It became apparent early in this Oxford, England foursome’s history that they were too knife-edged heavy to be truly grouped with the then-reigning dream-pop sound. With vague hints of the Stooges (the group’s first name was Shake Appeal, in honor of the Raw Power song), the punkish end of metal and bits of ’60s rock, this intense band straddles several fences, but never fails to kick beneath the contrast of guitarist Adam Franklin’s tough-sounding but laconic vocals.
Raise is spotty — not too surprising, since a good portion of it was culled from the preceding EPs rather than sessions for a proper album. Nevertheless, the pounding “Son of Mustang Ford” establishes the group as a punishing and formidable force. Franklin’s vocals sound pond deep on the whip-lashing opener “Sci-Flyer,” “Sandblasted” and the vaguely psychedelic “Rave Down.”
From the opening moments of “For Seeking Heat,” it’s obvious Mezcal Head, produced by Alan Moulder and the band, is twice as explosive. The two guitarists (Franklin and Jimmy Hartridge) keep up a gargantuan, monstrous feel throughout the album, enlivening the all-powerful “Blowin’ Cool” and “Duel.” The band is tighter and more flexible than before, but also bigger-sounding, thanks to newcomer Steve George’s blasting fuzz bass, which has an edge hard enough to recall the Move. An improved sense of melody adds to an impressive effort, flawed only by the overly generous length of too many songs.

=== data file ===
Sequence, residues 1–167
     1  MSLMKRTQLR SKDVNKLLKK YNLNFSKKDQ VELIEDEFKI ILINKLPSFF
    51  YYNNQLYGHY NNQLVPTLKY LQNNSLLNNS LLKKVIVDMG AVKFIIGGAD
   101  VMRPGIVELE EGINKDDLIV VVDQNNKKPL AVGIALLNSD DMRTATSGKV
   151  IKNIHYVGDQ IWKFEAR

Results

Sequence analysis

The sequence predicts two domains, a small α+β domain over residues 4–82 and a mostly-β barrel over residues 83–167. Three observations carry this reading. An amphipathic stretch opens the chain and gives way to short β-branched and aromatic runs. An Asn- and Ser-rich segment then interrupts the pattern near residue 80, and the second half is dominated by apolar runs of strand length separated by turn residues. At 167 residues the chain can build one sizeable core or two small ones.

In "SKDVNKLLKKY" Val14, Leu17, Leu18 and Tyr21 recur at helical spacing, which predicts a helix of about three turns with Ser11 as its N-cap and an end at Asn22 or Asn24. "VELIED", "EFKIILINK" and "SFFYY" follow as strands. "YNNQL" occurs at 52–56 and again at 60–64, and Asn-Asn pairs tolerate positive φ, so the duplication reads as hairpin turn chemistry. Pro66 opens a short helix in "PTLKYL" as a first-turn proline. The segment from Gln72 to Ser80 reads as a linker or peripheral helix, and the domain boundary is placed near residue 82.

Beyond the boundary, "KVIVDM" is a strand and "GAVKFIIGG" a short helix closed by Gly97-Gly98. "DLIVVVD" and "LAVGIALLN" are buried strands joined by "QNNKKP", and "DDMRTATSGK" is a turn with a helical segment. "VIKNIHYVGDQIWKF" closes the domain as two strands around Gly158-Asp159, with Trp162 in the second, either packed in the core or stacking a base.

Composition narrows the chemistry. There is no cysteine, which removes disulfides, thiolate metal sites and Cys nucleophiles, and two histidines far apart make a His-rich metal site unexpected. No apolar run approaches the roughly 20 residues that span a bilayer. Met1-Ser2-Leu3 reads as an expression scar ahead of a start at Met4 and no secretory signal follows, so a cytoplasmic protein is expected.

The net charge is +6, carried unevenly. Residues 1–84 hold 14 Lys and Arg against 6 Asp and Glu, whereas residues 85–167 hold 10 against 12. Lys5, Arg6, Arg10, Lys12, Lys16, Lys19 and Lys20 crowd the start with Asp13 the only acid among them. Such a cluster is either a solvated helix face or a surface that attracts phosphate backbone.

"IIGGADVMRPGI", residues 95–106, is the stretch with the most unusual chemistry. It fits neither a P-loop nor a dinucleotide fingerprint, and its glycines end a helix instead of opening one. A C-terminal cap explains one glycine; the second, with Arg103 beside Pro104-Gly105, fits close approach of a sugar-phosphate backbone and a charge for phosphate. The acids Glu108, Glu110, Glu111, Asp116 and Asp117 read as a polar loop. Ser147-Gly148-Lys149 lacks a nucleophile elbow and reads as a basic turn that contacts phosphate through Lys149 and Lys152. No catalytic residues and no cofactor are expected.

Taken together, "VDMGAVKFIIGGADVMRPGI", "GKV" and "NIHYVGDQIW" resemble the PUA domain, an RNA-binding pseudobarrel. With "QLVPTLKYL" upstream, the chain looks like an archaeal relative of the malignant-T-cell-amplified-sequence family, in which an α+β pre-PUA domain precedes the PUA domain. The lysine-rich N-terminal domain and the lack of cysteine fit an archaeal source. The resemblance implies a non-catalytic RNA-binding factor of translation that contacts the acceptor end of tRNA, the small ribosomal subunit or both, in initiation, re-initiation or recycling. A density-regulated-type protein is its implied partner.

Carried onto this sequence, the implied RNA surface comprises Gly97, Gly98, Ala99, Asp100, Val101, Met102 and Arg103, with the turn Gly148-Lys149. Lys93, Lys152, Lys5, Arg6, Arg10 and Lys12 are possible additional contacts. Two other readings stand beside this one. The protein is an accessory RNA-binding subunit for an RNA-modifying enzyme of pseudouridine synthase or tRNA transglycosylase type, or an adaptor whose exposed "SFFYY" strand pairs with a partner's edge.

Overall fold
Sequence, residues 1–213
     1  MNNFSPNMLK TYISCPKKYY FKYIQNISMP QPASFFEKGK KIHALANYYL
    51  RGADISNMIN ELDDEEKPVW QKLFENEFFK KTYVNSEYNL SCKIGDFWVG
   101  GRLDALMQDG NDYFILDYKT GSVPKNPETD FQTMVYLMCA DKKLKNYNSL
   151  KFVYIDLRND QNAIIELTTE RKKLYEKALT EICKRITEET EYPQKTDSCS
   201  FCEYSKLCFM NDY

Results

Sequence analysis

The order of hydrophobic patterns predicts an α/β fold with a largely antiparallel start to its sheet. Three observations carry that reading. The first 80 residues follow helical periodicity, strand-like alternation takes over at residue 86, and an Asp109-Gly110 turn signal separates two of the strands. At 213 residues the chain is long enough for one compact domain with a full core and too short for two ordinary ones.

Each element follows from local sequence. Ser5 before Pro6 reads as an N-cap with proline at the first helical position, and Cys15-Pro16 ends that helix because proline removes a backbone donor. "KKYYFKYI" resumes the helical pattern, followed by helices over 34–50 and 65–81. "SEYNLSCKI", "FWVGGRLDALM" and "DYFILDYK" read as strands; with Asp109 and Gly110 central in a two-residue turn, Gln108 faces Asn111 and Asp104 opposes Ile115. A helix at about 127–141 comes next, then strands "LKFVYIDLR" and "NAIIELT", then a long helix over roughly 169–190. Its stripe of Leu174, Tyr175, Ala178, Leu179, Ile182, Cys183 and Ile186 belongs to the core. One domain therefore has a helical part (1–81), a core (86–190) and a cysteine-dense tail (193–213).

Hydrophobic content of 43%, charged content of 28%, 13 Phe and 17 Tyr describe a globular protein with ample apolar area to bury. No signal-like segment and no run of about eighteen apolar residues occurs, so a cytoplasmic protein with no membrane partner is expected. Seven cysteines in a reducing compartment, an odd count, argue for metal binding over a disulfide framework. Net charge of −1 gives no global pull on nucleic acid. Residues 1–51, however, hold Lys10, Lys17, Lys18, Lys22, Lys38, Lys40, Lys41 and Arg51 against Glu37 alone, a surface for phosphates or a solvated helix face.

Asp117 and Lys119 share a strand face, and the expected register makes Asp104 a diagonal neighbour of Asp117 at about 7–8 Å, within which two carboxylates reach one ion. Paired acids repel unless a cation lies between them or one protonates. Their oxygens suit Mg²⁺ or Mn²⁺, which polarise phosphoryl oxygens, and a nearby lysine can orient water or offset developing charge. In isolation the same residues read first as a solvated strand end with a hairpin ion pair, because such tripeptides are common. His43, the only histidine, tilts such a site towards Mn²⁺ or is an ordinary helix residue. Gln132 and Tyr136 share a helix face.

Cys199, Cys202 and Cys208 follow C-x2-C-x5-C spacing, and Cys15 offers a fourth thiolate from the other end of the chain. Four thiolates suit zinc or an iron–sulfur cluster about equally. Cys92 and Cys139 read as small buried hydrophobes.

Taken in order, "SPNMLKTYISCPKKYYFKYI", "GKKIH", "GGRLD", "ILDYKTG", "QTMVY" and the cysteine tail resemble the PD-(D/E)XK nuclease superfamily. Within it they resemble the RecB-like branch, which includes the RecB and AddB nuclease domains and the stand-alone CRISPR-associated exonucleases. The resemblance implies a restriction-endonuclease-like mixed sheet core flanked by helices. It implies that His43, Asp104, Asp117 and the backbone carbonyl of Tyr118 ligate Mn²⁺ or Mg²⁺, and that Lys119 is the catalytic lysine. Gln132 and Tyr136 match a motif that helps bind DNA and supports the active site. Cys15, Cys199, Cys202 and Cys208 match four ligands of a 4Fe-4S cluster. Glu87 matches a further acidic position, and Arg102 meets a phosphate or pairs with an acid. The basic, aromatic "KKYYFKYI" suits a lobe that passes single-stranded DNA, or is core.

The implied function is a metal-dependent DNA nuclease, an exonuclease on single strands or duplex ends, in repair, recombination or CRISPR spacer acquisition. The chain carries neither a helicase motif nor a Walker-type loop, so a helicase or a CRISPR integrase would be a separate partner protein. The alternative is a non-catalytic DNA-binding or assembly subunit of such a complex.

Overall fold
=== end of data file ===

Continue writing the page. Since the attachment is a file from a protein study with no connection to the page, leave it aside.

Ejector Seat Reservation has no such problem; instead, the album finds this harsh, heavy band working in a more tempered, classic-pop format. Several cuts, including “The Birds,” recall the late-’60s Who (whose songs Swervedriver has covered). “Bring Me the Head of the Fortune Teller” bubbles over in gnashing electricity; Franklin’s bitterness over thwarted goals spills over the crushing guitars. Likewise, the title track and “How Does It Feel to Look Like Candy” lay on the fuzz and distortion in the choruses-the latter even uses angry brass. And “Last Day on Earth” is a stunning pop masterwork. The ascending, soaring verse hook is so intense that Franklin must resort to a throaty falsetto to complete it. Without a second of filler or wasted space, Ejector Seat Reservation is one of the most quietly ambitious records of this decade.